Thesis Defense: Addressing Missing Data and Scalable Optimization for Data-driven Decision Making

Thursday, May 6, 2021 - 1:00pm to 2:00pm

Event Calendar Category

LIDS Thesis Defense

Speaker Name

Dogyoon Song



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Prof. Devavrat Shah (Advisor)
Prof. Pablo A. Parrilo (Advisor)
Prof. Gregory W. Wornell

Data-driven decision-making is now a necessary commodity in virtually every domain of human endeavor. In principle, if the collected data contain sufficient information, it is possible to build a useful model. Nevertheless, there are a few challenges: (1) the gathered data might have some values missing; and (2) building a model from data usually involves solving an optimization problem, which may require prohibitively large computational resources. My PhD thesis explores two research directions motivated by these challenges.

In the first part of this talk, I will consider the errors-in-variables regression problem and discuss the utility of data imputation in predictive modeling. To this end, I will revisit low-rank matrix completion and establish a novel analysis on the estimation error beyond the traditional mean squared error (Frobenius norm), focusing on the singular value thresholding algorithm. Thereafter, I will argue that the predictions based on the imputed covariate data are typically nearly as accurate as those made with covariates without corruption.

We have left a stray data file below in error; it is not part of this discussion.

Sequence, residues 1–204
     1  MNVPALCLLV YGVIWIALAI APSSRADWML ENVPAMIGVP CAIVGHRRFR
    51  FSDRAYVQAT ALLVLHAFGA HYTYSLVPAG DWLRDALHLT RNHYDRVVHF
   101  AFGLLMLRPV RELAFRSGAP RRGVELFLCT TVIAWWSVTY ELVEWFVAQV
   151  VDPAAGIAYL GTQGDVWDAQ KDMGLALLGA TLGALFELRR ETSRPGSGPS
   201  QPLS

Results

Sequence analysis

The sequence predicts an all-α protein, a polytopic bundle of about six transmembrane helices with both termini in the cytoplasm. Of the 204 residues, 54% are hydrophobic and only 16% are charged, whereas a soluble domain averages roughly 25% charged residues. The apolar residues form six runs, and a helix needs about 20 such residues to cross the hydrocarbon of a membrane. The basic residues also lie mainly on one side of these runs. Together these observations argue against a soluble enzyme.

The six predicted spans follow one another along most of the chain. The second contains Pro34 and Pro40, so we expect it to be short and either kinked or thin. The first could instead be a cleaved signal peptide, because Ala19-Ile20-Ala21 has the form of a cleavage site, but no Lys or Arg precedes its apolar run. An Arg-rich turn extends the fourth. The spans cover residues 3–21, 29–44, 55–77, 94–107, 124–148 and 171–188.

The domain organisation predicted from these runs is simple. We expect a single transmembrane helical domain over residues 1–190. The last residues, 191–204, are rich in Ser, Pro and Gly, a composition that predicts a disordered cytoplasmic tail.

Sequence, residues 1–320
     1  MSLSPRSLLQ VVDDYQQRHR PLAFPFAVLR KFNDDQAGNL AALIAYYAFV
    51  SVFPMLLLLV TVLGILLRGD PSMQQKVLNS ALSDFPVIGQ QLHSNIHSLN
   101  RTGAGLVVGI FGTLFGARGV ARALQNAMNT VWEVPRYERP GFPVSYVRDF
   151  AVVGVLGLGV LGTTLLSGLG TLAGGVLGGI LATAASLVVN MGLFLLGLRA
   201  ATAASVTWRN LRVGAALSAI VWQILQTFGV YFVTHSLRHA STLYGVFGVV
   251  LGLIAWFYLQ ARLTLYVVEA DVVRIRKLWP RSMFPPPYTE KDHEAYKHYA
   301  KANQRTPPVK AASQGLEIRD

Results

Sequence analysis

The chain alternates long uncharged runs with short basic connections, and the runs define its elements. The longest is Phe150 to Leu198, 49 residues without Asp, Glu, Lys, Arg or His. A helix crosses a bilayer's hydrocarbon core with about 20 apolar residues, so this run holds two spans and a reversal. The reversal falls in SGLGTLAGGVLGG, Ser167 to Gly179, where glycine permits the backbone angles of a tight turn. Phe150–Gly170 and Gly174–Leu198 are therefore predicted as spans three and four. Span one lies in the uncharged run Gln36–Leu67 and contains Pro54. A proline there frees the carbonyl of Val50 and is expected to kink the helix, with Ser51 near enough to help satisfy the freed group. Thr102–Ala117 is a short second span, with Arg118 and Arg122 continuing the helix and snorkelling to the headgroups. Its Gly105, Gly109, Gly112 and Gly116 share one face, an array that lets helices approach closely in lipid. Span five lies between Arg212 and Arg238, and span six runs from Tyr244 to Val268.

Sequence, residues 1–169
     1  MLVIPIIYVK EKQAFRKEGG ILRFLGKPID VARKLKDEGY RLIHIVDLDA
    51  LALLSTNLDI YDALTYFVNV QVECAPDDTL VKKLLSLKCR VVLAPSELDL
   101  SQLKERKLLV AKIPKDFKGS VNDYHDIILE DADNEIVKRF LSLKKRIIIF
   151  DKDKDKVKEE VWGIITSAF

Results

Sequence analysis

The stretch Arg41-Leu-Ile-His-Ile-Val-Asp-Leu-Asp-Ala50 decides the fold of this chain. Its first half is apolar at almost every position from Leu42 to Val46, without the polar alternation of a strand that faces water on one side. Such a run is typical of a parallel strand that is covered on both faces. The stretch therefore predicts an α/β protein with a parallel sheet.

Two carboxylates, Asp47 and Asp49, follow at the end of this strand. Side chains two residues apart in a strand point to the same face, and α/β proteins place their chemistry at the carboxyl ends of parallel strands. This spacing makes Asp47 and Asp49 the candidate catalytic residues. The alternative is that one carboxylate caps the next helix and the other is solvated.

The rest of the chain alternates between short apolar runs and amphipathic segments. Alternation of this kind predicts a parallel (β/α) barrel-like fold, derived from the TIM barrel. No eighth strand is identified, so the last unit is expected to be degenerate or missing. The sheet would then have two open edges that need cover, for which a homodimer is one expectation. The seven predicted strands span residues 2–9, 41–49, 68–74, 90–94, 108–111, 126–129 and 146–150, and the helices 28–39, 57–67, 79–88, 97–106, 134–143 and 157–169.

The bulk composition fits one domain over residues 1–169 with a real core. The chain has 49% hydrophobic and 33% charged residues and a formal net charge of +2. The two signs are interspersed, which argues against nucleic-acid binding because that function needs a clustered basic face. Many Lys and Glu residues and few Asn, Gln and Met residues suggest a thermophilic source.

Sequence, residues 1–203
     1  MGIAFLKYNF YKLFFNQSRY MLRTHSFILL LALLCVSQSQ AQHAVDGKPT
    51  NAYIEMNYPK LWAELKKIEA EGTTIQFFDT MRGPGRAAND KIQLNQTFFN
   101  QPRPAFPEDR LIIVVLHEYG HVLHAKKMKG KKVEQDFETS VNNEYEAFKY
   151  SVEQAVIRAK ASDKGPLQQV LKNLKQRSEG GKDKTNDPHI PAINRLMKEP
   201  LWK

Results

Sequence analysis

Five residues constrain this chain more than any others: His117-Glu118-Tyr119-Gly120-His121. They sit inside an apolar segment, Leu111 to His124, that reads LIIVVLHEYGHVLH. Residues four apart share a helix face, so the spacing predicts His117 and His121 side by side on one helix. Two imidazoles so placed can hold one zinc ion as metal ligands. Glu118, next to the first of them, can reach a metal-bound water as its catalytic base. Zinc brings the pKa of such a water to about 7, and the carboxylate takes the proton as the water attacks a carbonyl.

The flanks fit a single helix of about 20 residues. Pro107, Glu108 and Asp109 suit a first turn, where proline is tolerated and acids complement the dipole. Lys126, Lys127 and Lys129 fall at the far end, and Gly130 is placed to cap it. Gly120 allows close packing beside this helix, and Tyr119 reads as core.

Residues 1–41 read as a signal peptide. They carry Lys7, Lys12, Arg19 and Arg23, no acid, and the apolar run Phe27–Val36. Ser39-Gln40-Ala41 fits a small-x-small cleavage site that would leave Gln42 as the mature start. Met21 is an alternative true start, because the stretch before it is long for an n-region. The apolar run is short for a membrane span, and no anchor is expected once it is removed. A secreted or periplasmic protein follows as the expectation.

In the second part of the talk, I will discuss the tradeoff between the scalability and the quality of optimal solutions in the context of approximate semidefinite programming. Specifically, I ask the question: ``how closely can we approximate the set of unit-trace $n \times n$ positive semidefinite (PSD) matrices, denoted by $D$, using at most $N$ number of $k \times k$ PSD constraints?'' I will argue that any set $S$ that approximates $D$ within a constant approximation ratio must have superpolynomial semidefinite extension complexity. This result implies the impossibility of global, non-adaptive approximation of the cone of $n \times n$ PSD matrices by a polynomial number of $k \times k$ PSD constraints for any $k = o(n / \log n)$.